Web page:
If you’ve ever seen a balance transfer advertisement, either from your current card company or one trying to gain your business, you might have wondered if it’s a good idea. Is that zero-interest offer too good to be true? Are there fees involved? How does it even work? And why would anyone need to transfer the balance on one card to another?
We’re here to walk you through all the details so you can decide if a credit card balance transfer is right for you.
- What Is a Balance Transfer?
- How to Do a Balance Transfer
- What Is a Balance Transfer Fee?
- How Long Does a Balance Transfer Take?
- Do Balance Transfers Hurt Your Credit?
What Is a Balance Transfer?
A credit card balance transfer allows you to move existing debt to your credit card. The goal is to move high-interest debt to a card with a lower interest rate/APR. This allows you to:
- Consolidate debt into one monthly payment
- Pay more toward the principle
- Save on the total cost of your debt
Although balance transfers are usually used for paying off credit card debt, sometimes you can also move other types of debt like personal loans, auto loans, or home equity lines of credit (HELOCs). The types of debt you can transfer depend on your individual lender.
Balance transfer credit cards offer special incentives to customers such as a low or 0% introductory APR for a year or more. Customers who pay down their balance during this introductory period can save a lot in interest charges.
How to Do a Balance Transfer
Completing a credit card balance transfer is pretty simple and can be done over the phone or online. While every lender has their own process, the steps are usually similar:
- Check your credit score. Your score will determine the kinds of offers you’ll receive and which cards you’ll be approved for. Look over your credit report and fix any errors. If your score isn’t high enough to land the offer you want, consider improving your credit score before applying. (Lenders usually reserve the best offers for borrowers with a FICO score of 690 or higher.)
- Research balance transfer credit card options. Crunch the numbers with different offers and make sure you’ll save money with a balance transfer. You can even use a free online balance transfer calculator to compare savings and costs with different card offers.
- Apply for a card. The process of applying for a balance transfer credit card is the same as applying for any other card, and you can take steps to increase your chances of qualifying. Some lenders will let you request a balance transfer as part of the application process, while others will require you to request a transfer after you’ve been approved.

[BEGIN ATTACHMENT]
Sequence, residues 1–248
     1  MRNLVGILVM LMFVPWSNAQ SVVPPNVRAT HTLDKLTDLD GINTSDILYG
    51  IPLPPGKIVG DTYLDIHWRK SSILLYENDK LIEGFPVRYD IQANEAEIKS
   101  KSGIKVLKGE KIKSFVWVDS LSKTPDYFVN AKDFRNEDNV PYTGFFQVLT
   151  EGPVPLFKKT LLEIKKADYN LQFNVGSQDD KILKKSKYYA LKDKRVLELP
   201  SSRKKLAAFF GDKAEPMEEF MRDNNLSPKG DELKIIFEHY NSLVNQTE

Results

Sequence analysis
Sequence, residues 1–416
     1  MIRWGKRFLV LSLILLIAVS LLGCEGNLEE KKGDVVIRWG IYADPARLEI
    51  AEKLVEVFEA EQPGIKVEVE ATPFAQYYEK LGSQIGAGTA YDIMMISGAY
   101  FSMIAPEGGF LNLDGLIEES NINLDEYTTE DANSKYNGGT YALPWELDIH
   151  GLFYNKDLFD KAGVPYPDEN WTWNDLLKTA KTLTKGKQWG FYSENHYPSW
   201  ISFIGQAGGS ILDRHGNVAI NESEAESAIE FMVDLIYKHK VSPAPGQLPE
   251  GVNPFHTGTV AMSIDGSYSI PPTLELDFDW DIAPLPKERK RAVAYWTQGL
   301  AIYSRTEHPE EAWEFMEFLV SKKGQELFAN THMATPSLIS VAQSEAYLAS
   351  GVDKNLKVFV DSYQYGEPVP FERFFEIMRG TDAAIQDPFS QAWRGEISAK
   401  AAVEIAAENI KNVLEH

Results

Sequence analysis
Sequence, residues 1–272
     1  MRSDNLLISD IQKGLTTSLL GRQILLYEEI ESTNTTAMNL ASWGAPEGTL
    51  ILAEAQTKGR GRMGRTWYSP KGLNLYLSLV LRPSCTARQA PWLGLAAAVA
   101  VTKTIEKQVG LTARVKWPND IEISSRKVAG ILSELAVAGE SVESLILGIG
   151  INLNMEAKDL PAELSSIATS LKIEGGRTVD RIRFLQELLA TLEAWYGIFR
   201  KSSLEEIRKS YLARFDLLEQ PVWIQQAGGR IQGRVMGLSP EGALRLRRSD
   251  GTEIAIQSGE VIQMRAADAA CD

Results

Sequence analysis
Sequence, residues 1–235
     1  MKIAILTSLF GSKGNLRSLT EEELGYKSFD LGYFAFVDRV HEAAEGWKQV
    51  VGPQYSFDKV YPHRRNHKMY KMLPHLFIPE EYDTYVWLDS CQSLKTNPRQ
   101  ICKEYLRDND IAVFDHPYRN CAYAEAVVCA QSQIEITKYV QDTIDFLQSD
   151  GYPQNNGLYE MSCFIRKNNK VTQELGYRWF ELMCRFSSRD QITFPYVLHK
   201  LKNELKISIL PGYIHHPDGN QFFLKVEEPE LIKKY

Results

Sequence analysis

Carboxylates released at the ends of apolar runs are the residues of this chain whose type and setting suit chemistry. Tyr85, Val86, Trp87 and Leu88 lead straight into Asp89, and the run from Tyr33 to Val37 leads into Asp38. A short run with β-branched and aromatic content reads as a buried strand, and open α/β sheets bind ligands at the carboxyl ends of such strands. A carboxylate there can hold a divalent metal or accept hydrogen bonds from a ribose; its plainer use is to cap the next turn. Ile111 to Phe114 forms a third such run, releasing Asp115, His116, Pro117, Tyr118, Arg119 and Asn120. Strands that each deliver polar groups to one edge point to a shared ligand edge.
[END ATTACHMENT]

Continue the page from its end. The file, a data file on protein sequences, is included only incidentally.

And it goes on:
- Request your balance transfer. You’ll need information about each account you’re transferring debt from including your account number, the amount of debt you’re moving, and the issuer name. Stop using the credit card you’ve transferred your balance from but continue making payments on it until your balance transfer is complete.
- Begin paying on your new card. It could take anywhere from a few days to a few weeks before your balance transfer is complete. Once that happens, you’ll see your total debt plus transfer fees appear on your new credit card.
What Is a Balance Transfer Fee?
Balance transfers aren’t free. Most lenders charge a one-time balance transfer fee of either 2-3% of the total amount you transfer or a fixed dollar amount that’s different from creditor to creditor. What does that amount to? Well, if you wanted to move your $5,000 balance to a new card and were charged a 3% balance transfer fee, you’d make a one-time payment of $150 to move your debt.
How Long Does a Balance Transfer Take?
Most balance transfers are completed between five and seven days, although they can take up to 21 days.
Don’t stop paying your credit card just because you’ve requested a balance transfer. Until that debt moves to your new card, you’re still responsible for any regular payments.
Do Balance Transfers Hurt Your Credit?
A balance transfer can lower your credit score temporarily, especially if you move your existing balances to a new card. As part of the approval process for your new credit card, you’ll undergo a hard credit inquiry. You’ll also be opening a new line of credit, lowering the average age of your accounts. These factors can both lower your credit score.
If you have a longer credit history, these effects might not lower your score too much. Plus, if you transfer your balance and start making progress on paying it off, your credit could improve substantially in a few months anyway.
Transfer Your Balance to an Existing Credit Card